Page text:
Hours after President Obama ordered a full report on possible Russian interference in the 2016 elections, President-Elect Trump's transition team publicly attacked the U.S. Intelligence Community, dredging up CIA mistakes on Iraq from the Bush Administration to undermine assertions of Russian involvement in this year's campaign.
"These are the same people that said Saddam Hussein had weapons of mass destruction," the terse statement from the Trump Transition read, in what was a direct rebuke of the CIA.
A senior U.S. official told the Washington Post, "It is the assessment of the intelligence community that Russia’s goal here was to favor one candidate over the other, to help Trump get elected."
"I am not surprised," said former U.S. Ambassador to Russia, Michael McFaul, who has been warning publicly for months that the Russians seemed to be up to no good.
But McFaul refused to take it a step further, and argue that any Russian involvement tipped the scales and decided the election.
"I've never said that," McFaul wrote on Twitter. "I don't consider (the) election outcome illegitimate."
The Trump Transition statement was an extraordinary public rebuke of the Intelligence Community, which has already found itself at odds with the President-Elect over this issue of Russian involvement in pre-election hacking.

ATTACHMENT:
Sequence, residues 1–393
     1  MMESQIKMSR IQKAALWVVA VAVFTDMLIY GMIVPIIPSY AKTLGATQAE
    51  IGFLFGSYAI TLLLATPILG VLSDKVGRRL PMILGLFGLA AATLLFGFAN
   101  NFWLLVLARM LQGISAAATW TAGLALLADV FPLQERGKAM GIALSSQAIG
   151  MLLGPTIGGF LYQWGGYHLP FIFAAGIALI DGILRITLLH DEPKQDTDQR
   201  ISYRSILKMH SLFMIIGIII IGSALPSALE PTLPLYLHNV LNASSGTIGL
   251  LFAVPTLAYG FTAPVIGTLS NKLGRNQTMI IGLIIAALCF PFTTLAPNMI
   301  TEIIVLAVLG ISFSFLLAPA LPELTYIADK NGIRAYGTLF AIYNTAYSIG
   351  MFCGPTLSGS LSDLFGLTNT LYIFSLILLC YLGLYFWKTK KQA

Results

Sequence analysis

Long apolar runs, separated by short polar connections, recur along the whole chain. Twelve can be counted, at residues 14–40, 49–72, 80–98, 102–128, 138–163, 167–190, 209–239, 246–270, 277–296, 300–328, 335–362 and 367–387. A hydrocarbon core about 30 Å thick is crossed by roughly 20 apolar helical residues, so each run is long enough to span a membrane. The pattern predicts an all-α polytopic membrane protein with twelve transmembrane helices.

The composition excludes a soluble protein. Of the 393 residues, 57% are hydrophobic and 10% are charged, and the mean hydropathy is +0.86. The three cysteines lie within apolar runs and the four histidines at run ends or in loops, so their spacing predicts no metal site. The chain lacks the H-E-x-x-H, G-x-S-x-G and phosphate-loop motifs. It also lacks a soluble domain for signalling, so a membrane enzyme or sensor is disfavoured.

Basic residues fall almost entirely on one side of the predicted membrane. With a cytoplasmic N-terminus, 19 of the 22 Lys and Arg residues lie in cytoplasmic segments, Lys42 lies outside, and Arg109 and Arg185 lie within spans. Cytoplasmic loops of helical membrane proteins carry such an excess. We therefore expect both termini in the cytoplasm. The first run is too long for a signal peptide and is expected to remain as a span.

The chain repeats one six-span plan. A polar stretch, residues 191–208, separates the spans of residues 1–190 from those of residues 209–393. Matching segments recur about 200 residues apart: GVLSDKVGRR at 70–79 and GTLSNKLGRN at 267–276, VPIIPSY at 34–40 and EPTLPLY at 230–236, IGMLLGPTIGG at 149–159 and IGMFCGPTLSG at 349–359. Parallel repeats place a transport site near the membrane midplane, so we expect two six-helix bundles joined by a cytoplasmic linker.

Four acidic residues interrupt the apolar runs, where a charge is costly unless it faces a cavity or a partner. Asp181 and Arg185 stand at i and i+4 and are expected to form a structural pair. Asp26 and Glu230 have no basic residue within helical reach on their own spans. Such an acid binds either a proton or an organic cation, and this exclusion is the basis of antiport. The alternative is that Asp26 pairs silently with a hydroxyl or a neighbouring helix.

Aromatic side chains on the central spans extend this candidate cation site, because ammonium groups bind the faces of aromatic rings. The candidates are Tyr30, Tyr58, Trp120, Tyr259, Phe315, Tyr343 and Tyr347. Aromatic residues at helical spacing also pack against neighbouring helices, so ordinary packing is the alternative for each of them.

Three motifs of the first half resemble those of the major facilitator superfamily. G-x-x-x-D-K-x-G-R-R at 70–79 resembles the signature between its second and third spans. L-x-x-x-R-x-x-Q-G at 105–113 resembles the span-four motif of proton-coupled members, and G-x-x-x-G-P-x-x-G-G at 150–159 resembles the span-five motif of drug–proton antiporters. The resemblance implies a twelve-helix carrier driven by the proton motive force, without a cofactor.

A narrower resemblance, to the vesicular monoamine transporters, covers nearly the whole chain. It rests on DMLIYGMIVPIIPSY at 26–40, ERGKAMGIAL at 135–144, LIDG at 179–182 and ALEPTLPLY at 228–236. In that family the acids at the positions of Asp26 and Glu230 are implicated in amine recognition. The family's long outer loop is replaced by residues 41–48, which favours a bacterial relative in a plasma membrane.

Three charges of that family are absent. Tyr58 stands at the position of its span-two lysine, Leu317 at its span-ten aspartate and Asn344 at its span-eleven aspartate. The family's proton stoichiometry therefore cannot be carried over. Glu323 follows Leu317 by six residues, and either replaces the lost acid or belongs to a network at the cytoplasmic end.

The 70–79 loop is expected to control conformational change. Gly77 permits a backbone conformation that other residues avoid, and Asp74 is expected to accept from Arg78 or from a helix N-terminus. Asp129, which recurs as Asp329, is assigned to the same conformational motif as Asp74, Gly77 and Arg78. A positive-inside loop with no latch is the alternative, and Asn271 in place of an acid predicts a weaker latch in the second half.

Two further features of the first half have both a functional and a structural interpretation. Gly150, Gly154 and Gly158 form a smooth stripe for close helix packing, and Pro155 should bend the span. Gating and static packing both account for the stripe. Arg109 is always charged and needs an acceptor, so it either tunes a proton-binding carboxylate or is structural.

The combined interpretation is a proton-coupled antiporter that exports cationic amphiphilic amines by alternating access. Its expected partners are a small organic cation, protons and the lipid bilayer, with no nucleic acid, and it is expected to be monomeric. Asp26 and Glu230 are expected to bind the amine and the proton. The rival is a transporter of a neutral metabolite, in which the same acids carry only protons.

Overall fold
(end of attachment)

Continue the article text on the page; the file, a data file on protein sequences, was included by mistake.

"American leaders should stand with our intelligence community, not Russia," said Rep. Rosa DeLauro (D-CT), a member of the House Intelligence Committee.
And that's what seems to be developing right now, as supporters of President-Elect Trump joined with him to push back against any supposed intelligence finding of Russian election interference.
The New York Times also reported that the same groups that hacked emails from Democrats were able to get into computer systems at the Republican National Committee as well, but that was sternly disputed by RNC officials.
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